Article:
The First Black Hole (Messier 87)

Image of Stars Orbiting “Empty Space”

Image of Stars Orbiting “Empty Space”

Black holes have always been a theory that has been studied and researched for decades. Albert Einstein used his general theory of relativity and was the first to propose the idea that black holes existed. The theory of general relativity suggests that a substantial amount of compact mass can puncture spacetime and therefore, create a black hole. According to, in 1970, Stephen Hawking, a theoretical physicist, was also able to “show that black holes exist” through his studies and research of physics. He was able to research and breakdown Einstein’s mathematical equation, but also proposed new ideas of the existence of black holes. For one, Hawking believed that a black hole could never shrink. As scholars continued to research, scientists found cases in which a black hole could be the answer. According to Vox, an American youtube channel for news, states that scientists have tried to demonstrate the orbit of stars around an “invisible” black matter, which was only predicted as a black hole. With this new found picture, scientists are able to explore to see if stars and galaxies really do revolve a black hole. The idea continued to try to be proven, yet visual proof was very hard to find. Alas, on April 10, 2019, the theories of black holes existing have finally been confirmed. With half a century of research and studies, a group of scientists was ultimately able to take the first picture of a black hole. Before this captivating picture, people didn’t believe it was possible to take a picture of something invisible. According to the National Science Foundation, “it’s hard to see something that does not emit photons, let alone traps any light that passes by.” A network known as Event Horizon Telescope was able to capture this picture using six telescopes around the world. These telescopes around the world were able to seize the first picture humanity has of a black hole. This black hole, Messier 87, is 54 million light years away (TIME). The black hole was named after the fact that it was located inside the Messier 87 galaxy. This milestone gives the world the unrestrained opportunity to venture out for new theories. Now with the verification that black holes exist, according to TIME, one theory that has further substance now, but still has to be proven, is that “virtually all large galaxies are thought to be organized around a central black hole.” Scientists are encouraged to explore with the help of this new technology; “we will survey them [black holes] all; we will surely survey them more. And now, at last, we know how to do it” (TIME).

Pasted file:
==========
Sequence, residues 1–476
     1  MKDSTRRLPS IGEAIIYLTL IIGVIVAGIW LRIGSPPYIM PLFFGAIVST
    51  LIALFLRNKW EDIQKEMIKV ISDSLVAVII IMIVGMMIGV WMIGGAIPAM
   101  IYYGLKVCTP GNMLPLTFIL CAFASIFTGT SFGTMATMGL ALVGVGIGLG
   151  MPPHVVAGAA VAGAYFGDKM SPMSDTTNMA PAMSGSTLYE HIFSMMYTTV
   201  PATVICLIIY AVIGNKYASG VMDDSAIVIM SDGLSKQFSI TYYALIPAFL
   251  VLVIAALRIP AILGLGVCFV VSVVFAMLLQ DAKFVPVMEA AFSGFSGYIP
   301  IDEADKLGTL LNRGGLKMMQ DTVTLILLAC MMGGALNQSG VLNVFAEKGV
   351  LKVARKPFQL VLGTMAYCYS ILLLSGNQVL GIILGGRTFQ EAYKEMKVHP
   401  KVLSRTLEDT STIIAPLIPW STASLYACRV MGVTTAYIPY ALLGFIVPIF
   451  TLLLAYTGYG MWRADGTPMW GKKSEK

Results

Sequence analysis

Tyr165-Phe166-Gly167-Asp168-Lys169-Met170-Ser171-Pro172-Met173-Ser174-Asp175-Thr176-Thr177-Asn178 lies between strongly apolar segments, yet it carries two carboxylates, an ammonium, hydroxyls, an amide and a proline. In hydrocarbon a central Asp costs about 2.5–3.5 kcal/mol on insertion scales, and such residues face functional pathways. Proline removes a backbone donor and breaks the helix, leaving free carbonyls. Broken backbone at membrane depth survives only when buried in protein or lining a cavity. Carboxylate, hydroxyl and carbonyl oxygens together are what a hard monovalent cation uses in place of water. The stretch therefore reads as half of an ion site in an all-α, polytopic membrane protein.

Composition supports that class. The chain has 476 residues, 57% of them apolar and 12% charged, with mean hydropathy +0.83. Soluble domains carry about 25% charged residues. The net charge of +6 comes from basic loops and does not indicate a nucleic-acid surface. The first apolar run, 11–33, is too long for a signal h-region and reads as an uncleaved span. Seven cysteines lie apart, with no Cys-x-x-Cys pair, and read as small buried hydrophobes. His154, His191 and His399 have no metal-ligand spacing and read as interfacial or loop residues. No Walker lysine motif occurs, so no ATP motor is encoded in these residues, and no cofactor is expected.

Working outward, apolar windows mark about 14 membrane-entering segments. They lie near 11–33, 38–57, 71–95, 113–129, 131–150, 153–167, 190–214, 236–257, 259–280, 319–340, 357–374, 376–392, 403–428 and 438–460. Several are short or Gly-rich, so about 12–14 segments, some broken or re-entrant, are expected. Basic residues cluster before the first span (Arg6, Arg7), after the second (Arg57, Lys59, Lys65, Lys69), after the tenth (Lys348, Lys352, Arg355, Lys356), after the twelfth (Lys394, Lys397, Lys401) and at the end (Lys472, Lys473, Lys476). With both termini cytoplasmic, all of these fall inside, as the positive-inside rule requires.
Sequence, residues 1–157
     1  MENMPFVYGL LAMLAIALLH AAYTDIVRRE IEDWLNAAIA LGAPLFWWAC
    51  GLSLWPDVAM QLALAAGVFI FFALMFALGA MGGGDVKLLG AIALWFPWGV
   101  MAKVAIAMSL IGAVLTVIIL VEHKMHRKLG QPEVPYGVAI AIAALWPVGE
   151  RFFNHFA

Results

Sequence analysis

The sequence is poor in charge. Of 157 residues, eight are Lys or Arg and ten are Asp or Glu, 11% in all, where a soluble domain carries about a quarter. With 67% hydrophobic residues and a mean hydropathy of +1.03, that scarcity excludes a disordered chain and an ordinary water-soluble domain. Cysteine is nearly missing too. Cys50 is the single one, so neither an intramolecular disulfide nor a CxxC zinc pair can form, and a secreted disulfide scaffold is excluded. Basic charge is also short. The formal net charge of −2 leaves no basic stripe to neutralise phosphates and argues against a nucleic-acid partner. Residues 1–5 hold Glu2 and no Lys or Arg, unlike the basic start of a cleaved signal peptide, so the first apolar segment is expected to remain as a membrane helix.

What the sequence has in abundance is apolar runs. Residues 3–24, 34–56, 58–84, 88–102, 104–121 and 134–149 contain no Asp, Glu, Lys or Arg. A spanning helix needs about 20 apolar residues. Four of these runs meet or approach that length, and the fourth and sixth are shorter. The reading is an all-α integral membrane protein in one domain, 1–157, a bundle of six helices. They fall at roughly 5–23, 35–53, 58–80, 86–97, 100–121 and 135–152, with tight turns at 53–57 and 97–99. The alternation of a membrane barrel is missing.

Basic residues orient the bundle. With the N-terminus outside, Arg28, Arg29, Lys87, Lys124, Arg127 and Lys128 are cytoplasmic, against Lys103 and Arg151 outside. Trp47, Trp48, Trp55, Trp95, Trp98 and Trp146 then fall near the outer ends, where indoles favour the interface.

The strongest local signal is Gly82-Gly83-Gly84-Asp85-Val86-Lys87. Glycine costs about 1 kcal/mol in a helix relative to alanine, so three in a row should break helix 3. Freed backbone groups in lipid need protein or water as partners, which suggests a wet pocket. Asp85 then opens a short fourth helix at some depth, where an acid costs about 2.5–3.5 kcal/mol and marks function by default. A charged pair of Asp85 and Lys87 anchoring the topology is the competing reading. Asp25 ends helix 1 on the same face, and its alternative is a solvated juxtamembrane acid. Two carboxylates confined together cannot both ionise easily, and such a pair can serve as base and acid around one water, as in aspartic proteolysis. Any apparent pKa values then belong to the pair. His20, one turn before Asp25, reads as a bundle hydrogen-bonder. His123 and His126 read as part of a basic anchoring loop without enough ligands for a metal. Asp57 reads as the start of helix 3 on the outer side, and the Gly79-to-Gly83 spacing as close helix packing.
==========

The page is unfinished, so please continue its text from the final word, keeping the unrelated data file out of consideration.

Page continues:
As an SHC student involved in the i2 Scholar Program, I believe that these achievements that scientists have discovered allows more questions to be answered for the future. It inspires me to further explore what might seem impossible today.


Image of Stars Orbiting “Empty Space”


This discovery lies a bigger question for us and our Milky Way Galaxy, especially since it leads to the theory that galaxies might revolve around black holes. If so, then what is our destiny? Are all galaxies tied to a black hole? How do we escape? Do we just accept it? How will affect us? Is there life after a black hole? How many years do we have before being possibly sucked in?



Resnick, Brian. “How a Star Orbiting a Supermassive Black Hole Proves Einstein Is (Still) Right about Gravity.” Vox, Vox, 26 July 2018,

“Exploring Black Holes.” Exploring Black Holes | National Science Foundation,

Vox, director. YouTube. YouTube, YouTube, 10 Apr. 2019,

Kluger, Jeffrey. “First Black Hole Photo Revealed: Why It’s a Big Deal.” Time, Time, 9 Apr. 2019,

Wall, Mike. “How Stephen Hawking Transformed Our Understanding of Black Holes.”, Space Created with Sketch. Space, 15 Mar. 2018,